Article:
Aug 21, 2007

"So in America when the sun goes down and I sit on the old broken-down river pier watching the long, long skies over New Jersey and sense all that raw land that rolls in one unbelievable huge bulge over to the West Coast, and all that road going, and all the people dreaming in the immensity of it, and in Iowa I know by now the children must be crying in the land where they let the children cry, and tonight the stars'll be out, and don't you know that God is Pooh Bear? the evening star must be drooping and shedding her sparkler dims on the prairie, which is just before the coming of complete night that blesses the earth, darkens all the rivers, cups the peaks and folds the final shore in, and nobody, nobody knows what's going to happen to anybody besides the forlorn rags of growing old, I think of Dean Moriarty, I even think of Old Dean Moriarty the father we never found, I think of Dean Moriarty."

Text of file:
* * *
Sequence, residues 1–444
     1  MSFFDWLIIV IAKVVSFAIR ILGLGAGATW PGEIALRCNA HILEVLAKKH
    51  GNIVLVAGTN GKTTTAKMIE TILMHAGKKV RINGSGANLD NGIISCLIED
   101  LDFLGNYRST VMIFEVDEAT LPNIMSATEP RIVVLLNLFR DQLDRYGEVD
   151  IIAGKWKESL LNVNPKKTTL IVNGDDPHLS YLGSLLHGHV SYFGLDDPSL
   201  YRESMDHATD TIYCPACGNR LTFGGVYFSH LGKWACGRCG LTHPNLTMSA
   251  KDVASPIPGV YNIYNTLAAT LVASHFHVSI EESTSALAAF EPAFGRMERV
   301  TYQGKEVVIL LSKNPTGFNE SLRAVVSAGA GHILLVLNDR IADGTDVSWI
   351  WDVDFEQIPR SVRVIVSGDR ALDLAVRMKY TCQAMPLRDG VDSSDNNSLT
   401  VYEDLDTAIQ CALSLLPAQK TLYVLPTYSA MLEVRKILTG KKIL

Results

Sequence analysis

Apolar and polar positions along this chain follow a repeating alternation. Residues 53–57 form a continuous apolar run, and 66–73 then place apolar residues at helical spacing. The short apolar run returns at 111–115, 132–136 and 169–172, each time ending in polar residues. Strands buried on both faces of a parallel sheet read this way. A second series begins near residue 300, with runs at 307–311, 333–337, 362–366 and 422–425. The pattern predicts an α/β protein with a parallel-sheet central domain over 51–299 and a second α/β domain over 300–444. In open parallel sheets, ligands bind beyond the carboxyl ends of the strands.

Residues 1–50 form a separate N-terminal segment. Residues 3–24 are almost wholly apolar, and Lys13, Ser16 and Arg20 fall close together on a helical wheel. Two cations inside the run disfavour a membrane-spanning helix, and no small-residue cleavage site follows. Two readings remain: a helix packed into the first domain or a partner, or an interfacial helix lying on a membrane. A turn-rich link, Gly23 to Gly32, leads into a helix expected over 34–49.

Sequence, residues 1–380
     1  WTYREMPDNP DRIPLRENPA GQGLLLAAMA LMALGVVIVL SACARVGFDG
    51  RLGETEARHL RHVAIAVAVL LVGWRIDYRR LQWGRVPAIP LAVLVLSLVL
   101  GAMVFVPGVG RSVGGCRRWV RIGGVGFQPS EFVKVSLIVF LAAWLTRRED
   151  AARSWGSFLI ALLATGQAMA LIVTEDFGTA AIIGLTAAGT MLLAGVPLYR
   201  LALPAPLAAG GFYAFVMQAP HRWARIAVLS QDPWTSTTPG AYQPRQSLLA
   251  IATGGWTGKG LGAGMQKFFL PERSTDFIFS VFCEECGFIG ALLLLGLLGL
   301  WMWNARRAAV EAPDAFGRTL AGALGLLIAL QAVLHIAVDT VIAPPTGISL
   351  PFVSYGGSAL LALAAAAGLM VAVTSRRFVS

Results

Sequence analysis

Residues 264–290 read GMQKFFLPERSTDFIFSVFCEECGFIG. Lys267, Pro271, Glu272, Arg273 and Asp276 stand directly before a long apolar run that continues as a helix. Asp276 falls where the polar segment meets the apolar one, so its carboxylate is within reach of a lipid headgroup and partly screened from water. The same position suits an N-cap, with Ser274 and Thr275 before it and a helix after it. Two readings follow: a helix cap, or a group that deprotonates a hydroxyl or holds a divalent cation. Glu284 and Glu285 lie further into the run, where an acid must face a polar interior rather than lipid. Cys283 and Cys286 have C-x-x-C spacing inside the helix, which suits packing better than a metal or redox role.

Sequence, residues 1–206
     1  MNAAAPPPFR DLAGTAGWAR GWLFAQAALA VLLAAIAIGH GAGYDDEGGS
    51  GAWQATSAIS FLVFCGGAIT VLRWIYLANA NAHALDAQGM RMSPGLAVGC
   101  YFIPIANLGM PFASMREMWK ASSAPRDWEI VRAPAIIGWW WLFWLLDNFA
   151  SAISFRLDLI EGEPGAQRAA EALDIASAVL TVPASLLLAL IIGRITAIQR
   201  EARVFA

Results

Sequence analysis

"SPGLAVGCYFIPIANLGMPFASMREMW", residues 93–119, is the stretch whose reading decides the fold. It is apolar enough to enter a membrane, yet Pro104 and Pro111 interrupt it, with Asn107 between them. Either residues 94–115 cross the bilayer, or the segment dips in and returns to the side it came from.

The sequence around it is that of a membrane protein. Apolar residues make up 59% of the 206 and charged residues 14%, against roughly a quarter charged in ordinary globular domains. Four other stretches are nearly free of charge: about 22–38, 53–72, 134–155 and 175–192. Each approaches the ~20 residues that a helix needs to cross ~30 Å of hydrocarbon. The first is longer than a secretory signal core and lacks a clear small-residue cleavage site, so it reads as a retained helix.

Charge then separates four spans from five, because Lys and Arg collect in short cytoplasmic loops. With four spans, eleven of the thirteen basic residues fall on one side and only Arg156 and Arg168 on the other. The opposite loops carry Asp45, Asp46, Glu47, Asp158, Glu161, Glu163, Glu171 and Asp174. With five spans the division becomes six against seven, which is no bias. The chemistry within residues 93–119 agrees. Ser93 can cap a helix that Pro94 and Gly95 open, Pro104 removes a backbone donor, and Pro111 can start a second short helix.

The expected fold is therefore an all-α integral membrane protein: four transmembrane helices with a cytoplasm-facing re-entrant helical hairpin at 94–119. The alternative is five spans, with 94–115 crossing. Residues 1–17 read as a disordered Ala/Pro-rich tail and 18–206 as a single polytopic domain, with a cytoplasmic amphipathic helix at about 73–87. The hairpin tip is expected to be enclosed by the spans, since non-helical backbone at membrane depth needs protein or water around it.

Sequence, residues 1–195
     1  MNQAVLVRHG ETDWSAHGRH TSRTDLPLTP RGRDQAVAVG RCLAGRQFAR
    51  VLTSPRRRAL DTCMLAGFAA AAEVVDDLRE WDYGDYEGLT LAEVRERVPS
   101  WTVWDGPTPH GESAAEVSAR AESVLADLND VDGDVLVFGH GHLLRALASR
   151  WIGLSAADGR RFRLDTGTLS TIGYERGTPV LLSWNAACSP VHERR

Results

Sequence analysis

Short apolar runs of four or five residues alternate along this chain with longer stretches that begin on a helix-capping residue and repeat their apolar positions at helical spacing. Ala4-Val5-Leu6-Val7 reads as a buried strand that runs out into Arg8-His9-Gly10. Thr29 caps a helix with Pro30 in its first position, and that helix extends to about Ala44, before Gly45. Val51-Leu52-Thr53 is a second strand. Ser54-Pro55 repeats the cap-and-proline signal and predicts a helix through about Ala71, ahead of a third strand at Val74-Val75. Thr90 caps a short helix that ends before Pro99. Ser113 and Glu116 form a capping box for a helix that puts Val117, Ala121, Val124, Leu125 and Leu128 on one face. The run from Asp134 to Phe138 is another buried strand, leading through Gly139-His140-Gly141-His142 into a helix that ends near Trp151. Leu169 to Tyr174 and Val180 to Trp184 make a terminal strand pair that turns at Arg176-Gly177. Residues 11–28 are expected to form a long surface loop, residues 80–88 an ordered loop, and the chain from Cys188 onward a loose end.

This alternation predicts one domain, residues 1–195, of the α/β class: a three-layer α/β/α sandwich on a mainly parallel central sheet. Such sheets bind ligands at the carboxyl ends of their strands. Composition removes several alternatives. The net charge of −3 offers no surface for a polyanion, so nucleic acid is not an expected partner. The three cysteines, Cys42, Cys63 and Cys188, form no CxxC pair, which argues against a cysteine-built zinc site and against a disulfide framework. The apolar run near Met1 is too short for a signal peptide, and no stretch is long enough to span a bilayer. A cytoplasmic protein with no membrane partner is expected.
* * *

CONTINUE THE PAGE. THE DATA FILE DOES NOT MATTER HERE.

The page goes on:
- Jack Kerouac

What grabbed me, first, wasn’t the free-wheeling, world-exploring, enjoyment-exploding lifestyle. It was the sentences.

Kerouac writes sentences that carry you, that scream along. They run and run and catch their breath and yell at the top of their lungs. Sometimes he picks up the excitement in the voice of an excited kid, sometimes the free-stylings of a jazz performance, sometimes the open-throated roar of a plane passing by, and he writes it.

Then I picked up on the people, and they were like that too: Mad, screaming with joy, full of life and as far away from home as anyone could possibly imagine.

I read it. I got drunk on it. I wanted to write like that. I started hearing those voices, seeing those visions, screaming those Jack Kerouac screams.

Sometimes I still do.